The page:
Why, oh why couldn't I have a normal phobia like the fear of heights or elevators, snakes or spiders? Nooo, I had to be stuck with fears that didn't even have names — truly irrational ones — and no one could figure out why. It's a good thing I work from home.

"So, I have a few quirks." I tried to shrug it off. I preferred calling them "quirks." It made me feel not quite so weird. "Everybody does, right?" My attempt at a laugh fell flat. No matter what name I gave them, no matter how I tried to minimize the issue, my phobias made it difficult, if not impossible, to have any sort of a romantic relationship.

"You're not hard to look at," I told my reflection. "Five feet, seven inches is a good height. You're trim. Your hair's a nice color; long, thick, dark brown, same shade as your eyes. Great smile, too. It ought to be! It probably paid for that silver Corvette Dr. Eisenhower zooms around town in!"

"You used to go on plenty of dates, so what happened?" I asked my mirrored self. "I'll tell you what happened. Word has spread, my dear. You've been black-listed. They all know better than to go out with Kathryn Dorne. You're just too darn odd. That much 'strangeness' trumps any extra points you get in the 'looks' department. You might as well give up. There might be a man out there somewhere who could love you in spite of your oddities and maybe even help you get past all the nonsense, but you shouldn't hold your breath."

Ugh! How depressing! Maybe if I knew the reason for my fears, I'd be able to feel better about myself. Then again ... maybe not, but at least I'd know! I'm pretty sure Pat had known something, but whatever it was, she'd kept it hidden, all wrapped up in a veil of secrecy, always spouting her standard answer of "let sleeping dogs lie;" which was her way of saying, "Leave it alone." Now it was too late. Whatever she'd known had gone with her to the grave.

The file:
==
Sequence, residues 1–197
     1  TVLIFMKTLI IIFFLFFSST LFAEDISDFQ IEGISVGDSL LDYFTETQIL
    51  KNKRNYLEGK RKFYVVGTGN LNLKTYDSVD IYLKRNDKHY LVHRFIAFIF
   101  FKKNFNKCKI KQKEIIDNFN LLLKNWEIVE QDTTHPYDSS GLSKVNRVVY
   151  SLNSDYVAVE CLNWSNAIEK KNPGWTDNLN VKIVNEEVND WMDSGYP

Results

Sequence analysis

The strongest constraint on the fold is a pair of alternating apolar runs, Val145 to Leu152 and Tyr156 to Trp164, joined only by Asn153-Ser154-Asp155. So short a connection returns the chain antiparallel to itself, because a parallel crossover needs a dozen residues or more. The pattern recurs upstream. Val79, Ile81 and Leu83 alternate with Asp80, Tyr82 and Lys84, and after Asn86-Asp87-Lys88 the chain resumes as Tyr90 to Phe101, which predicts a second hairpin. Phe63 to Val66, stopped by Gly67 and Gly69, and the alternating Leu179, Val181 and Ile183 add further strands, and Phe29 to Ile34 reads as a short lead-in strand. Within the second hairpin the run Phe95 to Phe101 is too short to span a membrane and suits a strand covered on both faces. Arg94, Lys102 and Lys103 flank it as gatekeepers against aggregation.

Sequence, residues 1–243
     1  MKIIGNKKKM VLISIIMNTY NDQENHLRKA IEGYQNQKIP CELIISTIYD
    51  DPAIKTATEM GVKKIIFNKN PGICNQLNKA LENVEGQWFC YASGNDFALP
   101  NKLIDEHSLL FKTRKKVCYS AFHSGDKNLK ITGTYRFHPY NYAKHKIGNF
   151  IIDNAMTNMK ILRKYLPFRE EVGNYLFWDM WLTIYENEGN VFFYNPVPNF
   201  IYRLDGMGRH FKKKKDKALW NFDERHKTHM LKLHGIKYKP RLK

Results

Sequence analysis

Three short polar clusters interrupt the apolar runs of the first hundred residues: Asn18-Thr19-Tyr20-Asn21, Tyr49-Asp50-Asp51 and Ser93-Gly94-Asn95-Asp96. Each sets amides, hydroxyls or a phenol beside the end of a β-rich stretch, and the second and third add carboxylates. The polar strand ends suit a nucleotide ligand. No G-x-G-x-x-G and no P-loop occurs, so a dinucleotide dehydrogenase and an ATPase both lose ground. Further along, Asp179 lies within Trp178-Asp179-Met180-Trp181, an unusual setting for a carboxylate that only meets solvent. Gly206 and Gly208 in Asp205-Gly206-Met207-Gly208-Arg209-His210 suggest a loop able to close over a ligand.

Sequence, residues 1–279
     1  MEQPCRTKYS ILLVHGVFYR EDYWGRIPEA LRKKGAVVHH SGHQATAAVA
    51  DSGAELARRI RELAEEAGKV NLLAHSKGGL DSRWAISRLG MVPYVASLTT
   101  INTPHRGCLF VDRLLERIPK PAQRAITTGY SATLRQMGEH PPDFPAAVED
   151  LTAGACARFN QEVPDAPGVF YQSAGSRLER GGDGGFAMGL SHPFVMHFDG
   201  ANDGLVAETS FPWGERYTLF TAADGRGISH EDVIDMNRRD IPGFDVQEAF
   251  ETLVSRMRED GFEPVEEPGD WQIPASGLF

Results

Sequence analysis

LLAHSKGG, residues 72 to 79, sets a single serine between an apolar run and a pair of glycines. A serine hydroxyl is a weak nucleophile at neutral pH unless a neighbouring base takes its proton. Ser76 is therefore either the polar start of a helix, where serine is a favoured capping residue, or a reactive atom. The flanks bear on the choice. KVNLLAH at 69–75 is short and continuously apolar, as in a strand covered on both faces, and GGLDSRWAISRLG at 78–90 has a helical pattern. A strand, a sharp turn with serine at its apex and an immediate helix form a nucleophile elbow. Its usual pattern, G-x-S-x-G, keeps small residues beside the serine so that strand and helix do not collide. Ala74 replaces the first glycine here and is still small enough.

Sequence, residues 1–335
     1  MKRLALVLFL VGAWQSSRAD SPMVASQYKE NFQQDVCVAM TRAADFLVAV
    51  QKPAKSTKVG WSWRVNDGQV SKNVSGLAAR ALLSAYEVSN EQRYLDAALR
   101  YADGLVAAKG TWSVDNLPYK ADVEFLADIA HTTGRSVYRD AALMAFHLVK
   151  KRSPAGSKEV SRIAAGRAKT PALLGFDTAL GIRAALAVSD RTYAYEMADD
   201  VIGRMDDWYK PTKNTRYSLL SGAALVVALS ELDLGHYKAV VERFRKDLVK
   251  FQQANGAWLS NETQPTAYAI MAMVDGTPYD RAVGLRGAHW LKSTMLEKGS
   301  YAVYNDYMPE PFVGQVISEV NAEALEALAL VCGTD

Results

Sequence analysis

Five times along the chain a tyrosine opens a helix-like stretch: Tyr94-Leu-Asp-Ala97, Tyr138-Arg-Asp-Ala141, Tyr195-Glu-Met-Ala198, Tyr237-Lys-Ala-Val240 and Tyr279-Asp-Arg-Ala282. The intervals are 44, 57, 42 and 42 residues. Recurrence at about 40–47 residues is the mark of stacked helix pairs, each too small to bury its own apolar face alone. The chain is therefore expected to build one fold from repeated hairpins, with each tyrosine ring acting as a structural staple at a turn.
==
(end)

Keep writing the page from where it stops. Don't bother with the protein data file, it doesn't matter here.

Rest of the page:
I'd often wondered if my dad was locked up in a mental hospital somewhere. That would explain some of the craziness in my life, as well as why I'd never met him, but that was another mystery. As far as Pat was concerned, I'd had no father.

How could I not have a father? A father was sort of necessary, right? It was a package deal ... taking both a mom and a dad. Well, except for the Virgin Mary. I'd learned about her at church. Pat always refused to go with me, but I had attended church with friends as much as I was allowed. It was there I'd heard about the only virgin birth that had ever happened. There was no way Pat's claim and the preacher's sermon could both be right, and I'd chosen to believe the preacher. It just seemed unlikely that God would make an exception with me and allow a second immaculate conception.

But then the letter had showed up, proving Pat's claim false. With its arrival, everything I had known about my life — about myself — had become a huge mystery, ominous, filled with inexplicable dread and doubt. If only I could have known the letter's contents and the repercussions it carried. If only I could jump back in time and not open it, but — wait! This was my exit.

Half-Moon Lake — next right.

* * *

What in the world was that?

I gazed in horror at the hillside to my right, fighting the urge to whip the car around in a tight U-turn and head back to the airport. A jungle-like carpet of thick green vines completely covered everything ... trees, power lines ... everything. The trees stooped under the weight, fighting in vain to escape. I could almost hear them screaming ... I was hyperventilating, gasping for more oxygen. I needed to pull over, but I didn't dare for fear the monstrous vine would swallow me too.